By Chichi Barba
You go inside the convenience store to buy a cola drink, but you get confused after seeing all the variations available. It’s like you were suddenly transported into those futuristic movies you watched when you were a kid.
I was born during the age of the cola wars. At that time, you either bought one brand or the other. There were no fruit-flavored choices then or diet varieties. The sugarfree and the zero calorie kinds would come much later.
These days, advertisements scream in our ears that diet is better than regular. Or sugar-free is healthier than classic.
Let’s start by removing the blinders that marketing mavens have set up to create the myth about the healthiness of going “sugar-free.”
If you think that choosing a diet soda over a regular soda drink is a healthier choice, think again. Shrewd advertising has made the term “sugar-free” equal to a healthy alternative, but the fact is, chemical sweeteners
are far from being beneficial.
The makers of aspartame usually spout the marketing line that it is safe for human consumption. They keep repeating this, even if there have been many studies over
the years linking aspartame to headaches, migraines, dizziness, tumors and cancers.
If you are thinking, “Well, if aspartame is so bad, why was it approved for use?” then I need to make things right.
Let’s start with the fact that aspartame was approved for use even if it was never tested on humans before its release to the public. This means the reality is — we are the guinea pigs.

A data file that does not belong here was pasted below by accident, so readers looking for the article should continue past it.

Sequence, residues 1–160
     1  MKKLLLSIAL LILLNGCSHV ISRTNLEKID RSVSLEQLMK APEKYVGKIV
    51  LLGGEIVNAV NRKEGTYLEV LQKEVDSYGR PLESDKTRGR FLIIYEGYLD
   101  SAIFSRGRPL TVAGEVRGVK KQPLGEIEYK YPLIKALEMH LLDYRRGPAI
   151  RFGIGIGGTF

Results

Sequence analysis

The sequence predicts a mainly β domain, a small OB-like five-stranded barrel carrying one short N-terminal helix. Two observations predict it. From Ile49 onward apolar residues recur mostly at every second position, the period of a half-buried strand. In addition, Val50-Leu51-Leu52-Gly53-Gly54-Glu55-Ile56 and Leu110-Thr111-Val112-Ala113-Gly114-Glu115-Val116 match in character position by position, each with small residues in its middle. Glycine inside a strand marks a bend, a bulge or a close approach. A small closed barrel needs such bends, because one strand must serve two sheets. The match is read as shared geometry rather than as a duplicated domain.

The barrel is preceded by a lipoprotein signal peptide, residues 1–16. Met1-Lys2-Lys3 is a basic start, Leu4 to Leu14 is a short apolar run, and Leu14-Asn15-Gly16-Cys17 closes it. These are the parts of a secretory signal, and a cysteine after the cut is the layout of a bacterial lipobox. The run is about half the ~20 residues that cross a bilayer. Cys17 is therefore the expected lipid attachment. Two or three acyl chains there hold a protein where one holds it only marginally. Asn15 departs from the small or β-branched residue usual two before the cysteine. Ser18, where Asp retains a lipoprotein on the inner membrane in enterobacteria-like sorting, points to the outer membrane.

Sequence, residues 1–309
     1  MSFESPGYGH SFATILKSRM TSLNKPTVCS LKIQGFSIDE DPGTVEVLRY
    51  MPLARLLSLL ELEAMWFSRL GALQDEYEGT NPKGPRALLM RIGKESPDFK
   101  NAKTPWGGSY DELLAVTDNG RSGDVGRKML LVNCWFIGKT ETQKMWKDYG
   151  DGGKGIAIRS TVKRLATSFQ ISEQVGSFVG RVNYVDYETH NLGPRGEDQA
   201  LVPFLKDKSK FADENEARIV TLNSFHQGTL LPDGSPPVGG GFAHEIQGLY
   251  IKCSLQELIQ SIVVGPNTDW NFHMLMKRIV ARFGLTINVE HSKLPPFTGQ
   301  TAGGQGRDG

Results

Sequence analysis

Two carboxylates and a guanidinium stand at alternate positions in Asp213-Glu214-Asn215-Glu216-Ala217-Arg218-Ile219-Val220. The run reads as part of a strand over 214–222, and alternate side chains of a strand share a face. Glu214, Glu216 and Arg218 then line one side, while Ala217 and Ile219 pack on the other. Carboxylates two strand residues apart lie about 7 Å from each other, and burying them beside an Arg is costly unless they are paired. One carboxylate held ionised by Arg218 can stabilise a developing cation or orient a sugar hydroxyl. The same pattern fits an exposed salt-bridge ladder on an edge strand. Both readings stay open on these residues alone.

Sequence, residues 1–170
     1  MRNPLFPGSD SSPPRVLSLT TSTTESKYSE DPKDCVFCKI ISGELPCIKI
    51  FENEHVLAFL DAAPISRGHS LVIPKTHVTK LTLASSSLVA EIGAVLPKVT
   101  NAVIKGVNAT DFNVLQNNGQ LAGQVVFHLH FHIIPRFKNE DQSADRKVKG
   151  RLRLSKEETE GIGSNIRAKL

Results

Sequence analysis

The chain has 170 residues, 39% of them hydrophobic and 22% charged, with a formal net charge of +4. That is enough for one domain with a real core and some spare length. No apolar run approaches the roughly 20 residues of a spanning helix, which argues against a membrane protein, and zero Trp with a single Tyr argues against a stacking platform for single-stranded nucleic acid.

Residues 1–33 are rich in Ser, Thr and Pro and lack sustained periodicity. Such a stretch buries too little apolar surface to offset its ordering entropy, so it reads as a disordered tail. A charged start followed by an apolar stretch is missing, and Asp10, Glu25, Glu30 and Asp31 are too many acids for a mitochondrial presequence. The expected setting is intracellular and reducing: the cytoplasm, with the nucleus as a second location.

The tests are being conducted on us!
The current generation — the ones that grew up on diet soda — are unknowing participants of a grand experiment to prove how safe (or unsafe) aspartame is in food.
Aspartame has been in our food for 40 years. Did you know that it is being used in over 6,000 products marketed all over the world?
So how do we avoid aspartame?
I always encourage people to make it a habit to check the nutrition label and the ingredient list before buying a product. Whether to find out the presence of aspartame (or another sugar alternative), or to be aware of whatever it is that you are putting inside your body, reading the ingredient list is a good practice. Once it becomes a habit, it will be easier to make informed choices about your family’s food products.
My mom sometimes gets irritated at how I look at the ingredient list each time she gets something from the grocery shelves, but it’s the only active thing we can do individually. By checking the ingredient list before making the choice of whether to place it in our grocery cart or not, we make better choices for our health.
Aside from regularly checking the nutrition label and ingredient list, it’s also good to know which products may have aspartame or a similar sugar substitute.
Some products that use aspartame are:
Powdered drinks (e.g., juice, iced tea)
The next time you go to the grocery or to the convenience store, stop, read the ingredient list, and choose to actively protect yourself from the harmful effects and dangers of aspartame.
*This excerpt is taken from Eat Well, Get Well By Chichi Barba*
Grab your e-book and paperback version here.